Gummi Bear DOE: First Lessons from Data Collection

Cody Steele 05 September, 2012

I collected my first block of data for the gummi bear design of experiments this week. Why not all of it? Well, there’s lots you can learn when you start collecting data for real. Here are some of my thoughts:

Enter data quickly and accurately for design of experiments

If you’re going to do anything with your data, it’s a lot easier to have it in Minitab. If you followed my lead for doing design of experiments, you have a piece of paper that looks like this:

Collection sheet with penciled in data

Accuracy will be much easier if the same person who wrote the data also enters it in the computer, so they can figure out if that number in row two is 42 or  47.

As I collected the data, I wrote even familiar fractions, like 1/4th, in eighths. That’s to simplify typing in Minitab for those of us who still have to think about the decimal representation of 7/8ths. Instead of typing into my response columns, I made 2 additional columns for each response:

  • The whole number of inches (whole par)
  • The number of eighth inches (eighths par)

Then, I used a formula to get the total in Minitab:

‘whole par’ + ‘eighths par’/8

Worksheet with inches formula as the result

Hopefully, this trick saves you some time because it involves typing 3 fewer characters for every eighth!

If you use my data entry formula, you have to be careful to write both numbers as negative if the measurement is negative. This formula checks both of my response columns at the same time:

if('whole par'*'eighths par'>=0 and 'whole per'*'eighths per'>=0, 0, 1)

A 1 in the "negative data check" column means I made a mistake.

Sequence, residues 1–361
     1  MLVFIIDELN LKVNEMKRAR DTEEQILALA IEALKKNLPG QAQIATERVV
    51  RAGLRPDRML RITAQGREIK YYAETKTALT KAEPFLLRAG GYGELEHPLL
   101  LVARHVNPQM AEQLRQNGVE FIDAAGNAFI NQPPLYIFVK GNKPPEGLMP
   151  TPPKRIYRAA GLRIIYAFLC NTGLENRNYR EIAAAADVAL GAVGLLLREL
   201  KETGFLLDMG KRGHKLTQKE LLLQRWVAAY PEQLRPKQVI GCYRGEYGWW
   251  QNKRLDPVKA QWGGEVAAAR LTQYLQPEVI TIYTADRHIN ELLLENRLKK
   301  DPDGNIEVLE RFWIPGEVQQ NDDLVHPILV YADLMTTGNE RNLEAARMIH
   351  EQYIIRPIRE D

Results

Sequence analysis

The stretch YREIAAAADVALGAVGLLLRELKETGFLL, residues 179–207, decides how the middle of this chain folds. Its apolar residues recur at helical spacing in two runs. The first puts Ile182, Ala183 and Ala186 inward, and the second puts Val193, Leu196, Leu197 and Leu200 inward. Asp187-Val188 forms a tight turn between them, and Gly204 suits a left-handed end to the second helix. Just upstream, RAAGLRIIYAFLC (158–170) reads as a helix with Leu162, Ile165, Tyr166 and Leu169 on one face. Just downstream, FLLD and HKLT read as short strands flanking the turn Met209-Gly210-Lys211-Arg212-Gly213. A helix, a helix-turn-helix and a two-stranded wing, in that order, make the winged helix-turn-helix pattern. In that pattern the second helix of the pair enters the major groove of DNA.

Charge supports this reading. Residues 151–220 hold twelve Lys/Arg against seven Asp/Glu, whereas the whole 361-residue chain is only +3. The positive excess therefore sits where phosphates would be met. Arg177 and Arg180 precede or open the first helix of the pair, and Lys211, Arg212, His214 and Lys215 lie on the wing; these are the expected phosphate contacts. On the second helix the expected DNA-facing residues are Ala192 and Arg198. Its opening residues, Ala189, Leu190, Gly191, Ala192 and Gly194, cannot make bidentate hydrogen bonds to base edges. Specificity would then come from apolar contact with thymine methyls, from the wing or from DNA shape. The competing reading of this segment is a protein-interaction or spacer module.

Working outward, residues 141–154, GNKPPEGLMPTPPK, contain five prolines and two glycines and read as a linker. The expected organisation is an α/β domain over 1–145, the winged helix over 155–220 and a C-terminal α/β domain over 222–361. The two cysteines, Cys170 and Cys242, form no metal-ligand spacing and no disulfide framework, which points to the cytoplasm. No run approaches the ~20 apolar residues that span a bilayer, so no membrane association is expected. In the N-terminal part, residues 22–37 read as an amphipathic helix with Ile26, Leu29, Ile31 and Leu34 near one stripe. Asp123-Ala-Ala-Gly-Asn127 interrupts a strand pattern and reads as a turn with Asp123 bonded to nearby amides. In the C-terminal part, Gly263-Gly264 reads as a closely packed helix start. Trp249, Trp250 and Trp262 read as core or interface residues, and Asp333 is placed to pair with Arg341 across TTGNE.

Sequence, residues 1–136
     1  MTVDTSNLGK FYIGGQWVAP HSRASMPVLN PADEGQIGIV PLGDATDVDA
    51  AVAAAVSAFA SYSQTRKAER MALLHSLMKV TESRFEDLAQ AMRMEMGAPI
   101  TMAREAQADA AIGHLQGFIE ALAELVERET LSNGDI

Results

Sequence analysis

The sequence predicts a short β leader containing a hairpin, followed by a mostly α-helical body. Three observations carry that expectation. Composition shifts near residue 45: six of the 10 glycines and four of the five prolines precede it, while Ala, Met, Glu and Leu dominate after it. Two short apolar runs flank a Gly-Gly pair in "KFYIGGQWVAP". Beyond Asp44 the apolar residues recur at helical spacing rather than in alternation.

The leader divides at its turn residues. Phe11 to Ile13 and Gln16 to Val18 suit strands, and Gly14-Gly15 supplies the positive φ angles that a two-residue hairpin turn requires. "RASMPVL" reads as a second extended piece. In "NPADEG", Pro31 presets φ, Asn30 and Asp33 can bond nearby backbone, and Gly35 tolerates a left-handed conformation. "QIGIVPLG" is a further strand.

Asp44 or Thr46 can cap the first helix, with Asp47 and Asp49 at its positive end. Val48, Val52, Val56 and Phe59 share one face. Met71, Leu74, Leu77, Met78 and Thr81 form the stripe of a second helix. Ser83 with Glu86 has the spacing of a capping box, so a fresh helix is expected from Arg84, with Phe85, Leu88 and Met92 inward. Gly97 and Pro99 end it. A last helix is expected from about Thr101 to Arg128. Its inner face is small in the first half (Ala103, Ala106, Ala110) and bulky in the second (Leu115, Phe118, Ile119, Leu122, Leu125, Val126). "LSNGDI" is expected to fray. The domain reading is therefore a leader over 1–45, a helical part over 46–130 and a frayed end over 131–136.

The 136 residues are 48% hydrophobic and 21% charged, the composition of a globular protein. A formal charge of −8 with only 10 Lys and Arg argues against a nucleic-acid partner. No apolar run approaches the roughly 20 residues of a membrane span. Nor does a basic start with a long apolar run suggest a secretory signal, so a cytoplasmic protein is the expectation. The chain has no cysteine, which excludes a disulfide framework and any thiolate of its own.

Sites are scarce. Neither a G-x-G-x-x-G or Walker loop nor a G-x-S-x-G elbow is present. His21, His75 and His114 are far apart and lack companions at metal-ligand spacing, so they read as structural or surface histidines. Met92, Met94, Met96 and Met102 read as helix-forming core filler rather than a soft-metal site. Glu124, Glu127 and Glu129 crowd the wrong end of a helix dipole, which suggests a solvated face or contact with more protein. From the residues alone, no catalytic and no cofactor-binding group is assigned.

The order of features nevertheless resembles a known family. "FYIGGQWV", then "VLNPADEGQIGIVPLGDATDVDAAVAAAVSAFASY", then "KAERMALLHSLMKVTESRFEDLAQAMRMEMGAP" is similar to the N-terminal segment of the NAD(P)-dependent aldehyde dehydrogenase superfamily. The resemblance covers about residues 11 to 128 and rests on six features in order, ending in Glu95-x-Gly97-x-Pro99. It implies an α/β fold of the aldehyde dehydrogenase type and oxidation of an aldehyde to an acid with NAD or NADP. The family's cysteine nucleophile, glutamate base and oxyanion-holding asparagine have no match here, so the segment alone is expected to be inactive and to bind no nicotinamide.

Check the data for design of experiments

Once you have the data, Minitab’s Graphical Summary is a great place to do some basic checks. Here’s what my first one looked like.

Graphical summary of parallel response. Notice N = 31, not 33 like it should.

You always want to check the outliers. The statistics in design of experiments rely on means and standard deviations, which can change dramatically if incorrect data is in the analysis. This time, it turns out that there really was a 64 and 7/8ths inch measurement, but it's best to verify.

There is a problem though. If you are familiar with how many data points should be in the first block of the experiment, you noticed that N = 31 instead of N = 33. When I was copying, I wrote the data in line 6, then picked up writing again in line 9, below the next row that started with a 24. That’s a big error. If I analyze the data with 31 runs, the Minitab results include two notes show there's a problem:

* NOTE * There is partial confounding, no alias table was printed.

* NOTE * This design is not orthogonal.

Neither of these two statements should ever apply to a full factorial design. Even worse, my response values didn’t line up with the correct factor combinations after row 6. None of my analysis would have been correct.

The last thing I learned is that setting up my catapult over and over again is hard on the rubber band. My rubber band broke after I took it off for the very last trial.My rubber band broke

I thought that I could probably get away with using one rubber band for a full block, but I wonder if the next one will last 33 runs. I might need to  randomize the rubber band so that it doesn't wear out. I’ll have to decide which problem is worse: the rubber band wearing out or the variation I introduce by changing rubber bands.


Here are some questions to think about before and during your data collection for design of experiments:

  • How can I get the data into Minitab quickly and accurately?
  • Are there outliers in the data? Should the outliers stay in the analysis?
  • Is there unwanted variation in my study?

Have your own tips to share? Let me know!

And if you can't get enough of checking data, see how the always-entertaining Patrick Runkel uses Minitab to weed out bloopers in data.